Gov. Baker Signs 5 New Bills Backed by Sen. Cyr

Cape and Islands State Senator Julian Cyr.

BARNSTABLE – Governor Charlie Baker recently signed five new bills into law that were supported by Senator Julian Cyr.

The bills include educational grants, public health safety laws, and campaign transparency in local legislature.

The first bill was the Student Opportunity Act, which will grant $1.5 billion for public education to create resources for districts with high percentages of low-income students, English language learners, special education students, or students with other needs.

“It’s particularly going to mean big things for a district like Dennis-Yarmouth or Barnstable where you’ve got a number of English language learner students and you’ve got a number of students who are low-income who weren’t being counted in the old formula,” said Cyr.

So this really continues keeping Massachusetts first in the nation on education,” he said.

Governor Baker also passed An Act Modernizing Tobacco Control in the wake of recent increases in tobacco-related addictions among the younger population.

The act will severely restrict the sale and use of flavored chewing tobacco and vaping products including menthol, though it is not an outright ban on the products.

Other legislation pertaining to public health include the Act Relative to Children’s Health and Wellness.

“The state of mental health in Massachusetts is in crisis. This is something we’re not best in the nation for, we’re actually lagging in it,” said Cyr.

“We passed the Children’s Health and Wellness bill that does several first steps, particularly looking at insurance reforms as it relates to wider directories, or what are called ‘ghost networks,’” he said.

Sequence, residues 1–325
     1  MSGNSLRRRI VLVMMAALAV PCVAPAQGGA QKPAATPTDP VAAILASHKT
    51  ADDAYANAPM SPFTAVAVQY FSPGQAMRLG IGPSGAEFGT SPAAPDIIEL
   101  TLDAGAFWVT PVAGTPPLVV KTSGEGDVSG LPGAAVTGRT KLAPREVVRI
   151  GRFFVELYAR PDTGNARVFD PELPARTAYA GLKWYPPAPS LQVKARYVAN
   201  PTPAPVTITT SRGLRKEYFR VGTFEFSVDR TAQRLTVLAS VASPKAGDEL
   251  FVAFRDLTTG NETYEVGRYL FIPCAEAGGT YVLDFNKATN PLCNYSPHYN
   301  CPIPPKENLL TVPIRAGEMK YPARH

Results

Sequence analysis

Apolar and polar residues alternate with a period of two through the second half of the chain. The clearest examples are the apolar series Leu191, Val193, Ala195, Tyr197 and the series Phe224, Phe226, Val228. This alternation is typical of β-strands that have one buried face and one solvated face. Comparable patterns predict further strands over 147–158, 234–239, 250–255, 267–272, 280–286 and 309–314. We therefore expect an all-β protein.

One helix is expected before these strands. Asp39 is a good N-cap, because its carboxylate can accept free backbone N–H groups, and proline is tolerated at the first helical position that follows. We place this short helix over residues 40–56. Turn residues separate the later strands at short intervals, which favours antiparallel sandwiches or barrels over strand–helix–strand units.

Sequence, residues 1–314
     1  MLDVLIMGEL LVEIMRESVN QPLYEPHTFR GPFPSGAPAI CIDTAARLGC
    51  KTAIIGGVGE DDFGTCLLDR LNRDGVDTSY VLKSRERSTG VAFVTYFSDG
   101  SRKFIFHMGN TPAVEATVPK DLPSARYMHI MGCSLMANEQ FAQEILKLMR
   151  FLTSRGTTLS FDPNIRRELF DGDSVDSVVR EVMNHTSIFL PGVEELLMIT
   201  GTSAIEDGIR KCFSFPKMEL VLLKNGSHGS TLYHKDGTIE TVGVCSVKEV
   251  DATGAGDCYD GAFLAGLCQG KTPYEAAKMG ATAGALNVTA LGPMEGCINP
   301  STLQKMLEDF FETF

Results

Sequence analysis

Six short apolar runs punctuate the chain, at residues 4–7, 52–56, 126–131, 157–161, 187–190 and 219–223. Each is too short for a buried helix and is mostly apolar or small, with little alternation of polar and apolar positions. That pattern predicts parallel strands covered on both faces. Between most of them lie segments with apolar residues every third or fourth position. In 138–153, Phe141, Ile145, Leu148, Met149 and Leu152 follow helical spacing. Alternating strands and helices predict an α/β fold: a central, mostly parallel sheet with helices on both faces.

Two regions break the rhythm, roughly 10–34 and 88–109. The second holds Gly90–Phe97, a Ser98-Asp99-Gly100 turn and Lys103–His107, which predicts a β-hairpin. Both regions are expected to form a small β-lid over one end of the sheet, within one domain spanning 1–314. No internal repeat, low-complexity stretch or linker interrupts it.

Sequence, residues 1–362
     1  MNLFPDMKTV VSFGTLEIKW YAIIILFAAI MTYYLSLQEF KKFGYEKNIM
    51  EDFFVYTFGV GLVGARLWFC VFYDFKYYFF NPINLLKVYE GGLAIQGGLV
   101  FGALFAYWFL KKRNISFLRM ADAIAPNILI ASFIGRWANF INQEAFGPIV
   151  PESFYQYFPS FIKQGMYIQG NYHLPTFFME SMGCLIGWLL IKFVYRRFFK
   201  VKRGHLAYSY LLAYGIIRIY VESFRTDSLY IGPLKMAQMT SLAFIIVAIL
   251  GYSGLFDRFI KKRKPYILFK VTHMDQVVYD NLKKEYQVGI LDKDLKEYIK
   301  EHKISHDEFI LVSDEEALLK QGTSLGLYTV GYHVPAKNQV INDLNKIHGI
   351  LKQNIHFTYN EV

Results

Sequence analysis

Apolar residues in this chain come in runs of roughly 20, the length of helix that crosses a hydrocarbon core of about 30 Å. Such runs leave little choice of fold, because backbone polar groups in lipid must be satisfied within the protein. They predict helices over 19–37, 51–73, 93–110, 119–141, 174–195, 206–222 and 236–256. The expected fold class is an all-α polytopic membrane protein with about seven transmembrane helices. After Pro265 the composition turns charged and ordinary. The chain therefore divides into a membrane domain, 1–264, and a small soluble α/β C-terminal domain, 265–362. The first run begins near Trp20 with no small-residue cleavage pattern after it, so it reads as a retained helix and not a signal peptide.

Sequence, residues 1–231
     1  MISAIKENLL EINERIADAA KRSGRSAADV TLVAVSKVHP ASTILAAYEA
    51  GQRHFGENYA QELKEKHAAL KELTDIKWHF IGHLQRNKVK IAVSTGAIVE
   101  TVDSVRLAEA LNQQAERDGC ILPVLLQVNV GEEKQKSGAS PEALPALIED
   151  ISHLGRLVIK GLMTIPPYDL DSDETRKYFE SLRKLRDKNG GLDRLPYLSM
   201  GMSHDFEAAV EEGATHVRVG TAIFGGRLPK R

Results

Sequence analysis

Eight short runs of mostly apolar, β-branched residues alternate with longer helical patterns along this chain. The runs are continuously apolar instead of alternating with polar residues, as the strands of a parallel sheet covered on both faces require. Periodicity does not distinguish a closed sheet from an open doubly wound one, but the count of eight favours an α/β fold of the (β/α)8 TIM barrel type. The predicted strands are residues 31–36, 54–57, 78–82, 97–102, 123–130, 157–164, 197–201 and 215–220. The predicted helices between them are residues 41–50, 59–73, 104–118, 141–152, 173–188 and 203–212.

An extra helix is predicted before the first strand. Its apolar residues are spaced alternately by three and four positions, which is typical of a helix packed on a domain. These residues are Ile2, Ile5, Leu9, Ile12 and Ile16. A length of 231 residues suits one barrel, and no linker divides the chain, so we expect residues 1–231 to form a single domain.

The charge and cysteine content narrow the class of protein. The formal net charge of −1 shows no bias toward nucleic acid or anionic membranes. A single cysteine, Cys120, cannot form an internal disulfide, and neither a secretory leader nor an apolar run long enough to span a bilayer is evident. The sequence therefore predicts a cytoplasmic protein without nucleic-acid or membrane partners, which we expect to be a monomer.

“So currently, if you’re someone who’s looking for a behavioral healthcare provider, you can’t really actually find any of those providers through your insurance network.”

After the bill is enacted, it will allow residents to more easily find and access behavioral health providers thanks to up-to-date online directories.

The law will also allow children raised in the Massachusetts Department of Children and Families’ care to stay on MassHealth coverage until they are age 26.

The final bill pertaining to public health was Hands Free Driving.

This bill will ban the use of mobile phones while operating a motor vehicle, which Senator Cyr says will save lives.

Baker also signed an Act Relative to Campaign Finance, a law designed to make campaign funding and expenditures more transparent to residents.

“Currently, state-wide folks have to disclose essentially on a bi-weekly basis, while the legislature only has to do so three times a year,” said Cyr.

“What this is going to mean under the new law is that we essentially have to play by those rules as well. So you’ll be able to see in near-real time who is contributing to our campaigns and what we’re spending money on. So what it’s going to do is provide a much more accurate and real time snapshot of what is going on.”

This bi-weekly reporting system will be required for all elected officials so citizens and media can examine spending, not just those candidates who are running for governor and other state-wide offices.

“For instance—and we ran into this a few weeks ago—if an off-cape developer is giving money to an elected official on Cape Cod to try and curry favor in a certain way, the public and the media will be able to sit and look at that in a more immediate way. Under the old system, essentially you had to wait until the end of the year to actually see what these contributions are,” said Cyr.


About Grady Culhane

Grady Culhane is a Cape Cod native currently living in Eastham. He studied media communications at Cape Cod Community College and joined the News Center in 2019.
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